University of Nairobi
Department of Civil and Construction Engineering
Name: Owino Elijah Ochieng’
Reg. no: F16/1374/2011
Course Title: Civil Engineering Materials
Course Code: FCE 246
Concrete laboratory report: Testing of dry (hardened) concrete.
Strength of concrete could be defined as the ultimate load that causes failure or its resistance to rapture.
Its units are force units divided by area (N/mm2). Strength of concrete is not very directly affected by
workability, but by the method of manufacture, water/cement ratio, effective water in the mix, gel/space
ratio, aggregate/cement ratio, properties of coarse aggregate, curing and age of the concrete have direct
effect on the strength. Most concrete mixes attain over 70% of their strength after 7 days and almost
maximum strength after 28 days.
To determine the compressive strength of concrete.
To determine the tensile strength of the same concrete.
There are various types of concrete strength, the depending on how the load is applied and the type of
loading. These are:
Compressive strength – compressive strength of a concrete specimen treated in a standard manner which
includes full compaction and wet curing for a specified period give results representing the potential
quality of the concrete. The test is performed using either a concrete cube (usually 150mm by 150mm) or
cylinder (150mm diameter by 300mm height). Compressive strength obtained from cylinder is 0.8 times
that obtained from the cube. There are three types of loading in compression test:
Uniaxial loading – represents the most conservative system and yields the lowest values in
compression. There are three types of failure in uniaxial test; tension (splitting) failure, shear
(sliding) failure, combined (tension and shear) failure.
In compression test, tangential forces are being developed between the end surfaces of the concrete
specimen and the adjacent steel platens of the testing machine. These forces will cause lateral expansion
in concrete. The steel platen will restrain the lateral expansion of the concrete in the parts of the specimen
near its ends; the degree of restraint exercised depends on the friction actually developed.
Tensile strength – although concrete is not designed to resist direct tension, the knowledge of tensile
strength is of value in estimating the load under which cracking will develop. There are two types of test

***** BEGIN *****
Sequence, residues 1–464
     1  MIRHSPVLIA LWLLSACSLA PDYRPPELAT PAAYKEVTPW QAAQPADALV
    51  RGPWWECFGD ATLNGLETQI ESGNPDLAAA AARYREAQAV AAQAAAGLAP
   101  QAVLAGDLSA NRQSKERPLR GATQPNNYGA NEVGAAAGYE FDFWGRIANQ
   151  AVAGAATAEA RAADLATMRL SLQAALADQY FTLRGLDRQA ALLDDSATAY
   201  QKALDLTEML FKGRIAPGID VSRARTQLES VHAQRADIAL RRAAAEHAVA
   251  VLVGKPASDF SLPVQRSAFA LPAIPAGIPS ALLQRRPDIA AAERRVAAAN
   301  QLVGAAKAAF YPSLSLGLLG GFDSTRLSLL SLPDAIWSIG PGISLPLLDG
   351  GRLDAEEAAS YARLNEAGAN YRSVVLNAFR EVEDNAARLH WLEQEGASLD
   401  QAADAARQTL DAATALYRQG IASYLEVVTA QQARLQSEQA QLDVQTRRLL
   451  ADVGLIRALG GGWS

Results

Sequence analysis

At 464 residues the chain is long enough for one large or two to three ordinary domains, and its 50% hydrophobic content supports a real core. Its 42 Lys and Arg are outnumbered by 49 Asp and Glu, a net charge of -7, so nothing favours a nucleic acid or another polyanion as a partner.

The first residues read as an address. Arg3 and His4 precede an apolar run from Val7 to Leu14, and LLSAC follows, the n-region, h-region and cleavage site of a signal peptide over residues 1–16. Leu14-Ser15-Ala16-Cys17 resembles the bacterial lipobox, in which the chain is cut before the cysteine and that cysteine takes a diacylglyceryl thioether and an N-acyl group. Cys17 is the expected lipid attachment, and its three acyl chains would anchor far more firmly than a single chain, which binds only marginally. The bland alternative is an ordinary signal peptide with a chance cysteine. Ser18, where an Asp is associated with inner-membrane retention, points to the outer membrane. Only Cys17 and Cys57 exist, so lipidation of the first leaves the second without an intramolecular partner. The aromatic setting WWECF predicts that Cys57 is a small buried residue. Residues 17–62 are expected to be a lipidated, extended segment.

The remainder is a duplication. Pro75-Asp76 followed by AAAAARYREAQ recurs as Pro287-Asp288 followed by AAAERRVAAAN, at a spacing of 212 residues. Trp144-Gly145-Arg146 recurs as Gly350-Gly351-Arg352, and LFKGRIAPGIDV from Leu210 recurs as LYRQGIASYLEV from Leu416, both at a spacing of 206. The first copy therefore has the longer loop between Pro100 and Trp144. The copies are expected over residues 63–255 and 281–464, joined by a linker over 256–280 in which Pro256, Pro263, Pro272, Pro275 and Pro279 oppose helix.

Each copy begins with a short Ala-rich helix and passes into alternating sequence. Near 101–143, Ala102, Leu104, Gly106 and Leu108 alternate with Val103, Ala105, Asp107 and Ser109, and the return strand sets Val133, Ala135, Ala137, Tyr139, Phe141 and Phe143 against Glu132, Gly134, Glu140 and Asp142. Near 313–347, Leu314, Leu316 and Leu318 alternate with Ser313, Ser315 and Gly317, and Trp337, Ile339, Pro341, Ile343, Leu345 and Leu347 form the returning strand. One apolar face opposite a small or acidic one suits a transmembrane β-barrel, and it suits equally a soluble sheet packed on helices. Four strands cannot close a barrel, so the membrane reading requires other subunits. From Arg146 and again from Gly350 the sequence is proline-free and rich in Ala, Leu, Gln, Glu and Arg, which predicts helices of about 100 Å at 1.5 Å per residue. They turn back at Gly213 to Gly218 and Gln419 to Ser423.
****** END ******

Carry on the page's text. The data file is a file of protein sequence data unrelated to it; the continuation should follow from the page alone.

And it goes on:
for strength in tension;
Direct tensile test – is the application of a pure tension force free from eccentricity.
Splitting tension test – is where a concrete cylinder is placed with its axis horizontal between the
platens of a testing machine and the load is increased until failure by indirect tension in the form
of splitting along the diameter takes place.
Flexural strength – is where a plain concrete beam is subjected to flexure using symmetrical two-point
loading until failure occurs.
The cubes and cylinders prepared after workability tests were got after curing for 14 days. The cubes were
divided into four parts on each of the smooth surfaces. The cube were then put in the compression
machine and loaded until it crushes, and the crushing forces recorded. This step was repeated for two
more cubes. One of the cylindrical concrete was then placed vertically on the compression machine and
the crushing load forces recorded. The mode (mechanism) of crushing was also noted. The remaining
cylinder was then placed on the machine horizontally, and the force required to split the cylinder along
the centroid measured.
Cube 1: Force P1 = 430KN
Cube 2: Force P2 = 440KN
Cube 3: Force P3 = 420KN
Average Force P = 430KN = 4.3*105N
All the cubes crushed normally.
Cylinder 1: Force P = 260KN, mode of crushing was across the cylinder, that is, shearing.
Cylinder 2: Force P = 145KN
Cross section area A of the cubes = 150*150 = 22500mm2
Compressive strength 1 = (average force P) / (cross section area A)
= 4.30*105/22500 N/mm2
= 19.11 N/mm2
Compressive strength 2(for the cylinder)
Cross sectional area A of the cylinder = PI*D2/4 = 3.142*150/4mm2
Compressive strength 2 = force P/cross sectional area
= 2.6*105/17671.56 N/mm2
= 14.71 N/mm2
Tensile strength = 2P/ (PI*D*L)
= 2*145000/ (3.142*150*300) N/mm2
= 2.05 N/mm2
The compressive strength of the cube was found to be 19.11N/m2 while that of the cylinder was
14.71N/m2. The ratio of compressive strength of cylinder to that of the cube is 14.71/19.11,
approximately 0.8 as was expected, but this varies from one grade of concrete to the other. The tensile
strength was found to be 2.05N/m2, which is approximately 10% of compressive strength of the cube.
Since the actual strength of the concrete was 20N/m2 given the concrete mix proportion of 1:1.5:3 (grade
M20), the variation could have been due to the friction between the platens of the compression machine
and the test specimen. The loss in strength could have also been due to improper mix proportioning;
effective water/cement ratio, cement/aggregate ratio, gel space and moisture content during testing.
The tensile strength of concrete is very much lower than the compressive strength. This shows that
concrete is more brittle and almost non-ductile and thus should be subjected to tensile loading, unless
reinforced with steel, thus the knowledge of the behavior under tension is vital.
This experiment can be considered successful since the aims were achieved. The compressive strength
and tensile strength of the concrete were obtained and the relationship between the two were ascertained.
It was established that the tensile strength is 10% of the compressive strength thus concrete is weak in
tension and strong under compression due to its brittleness.
1. S. K. Duggal, Building Materials, Third revised edition, 2008, New Age International Publishers.
2. A. M. Neville and J. J. Brooks, Concrete Technology, third edition, 2011, Pearson Education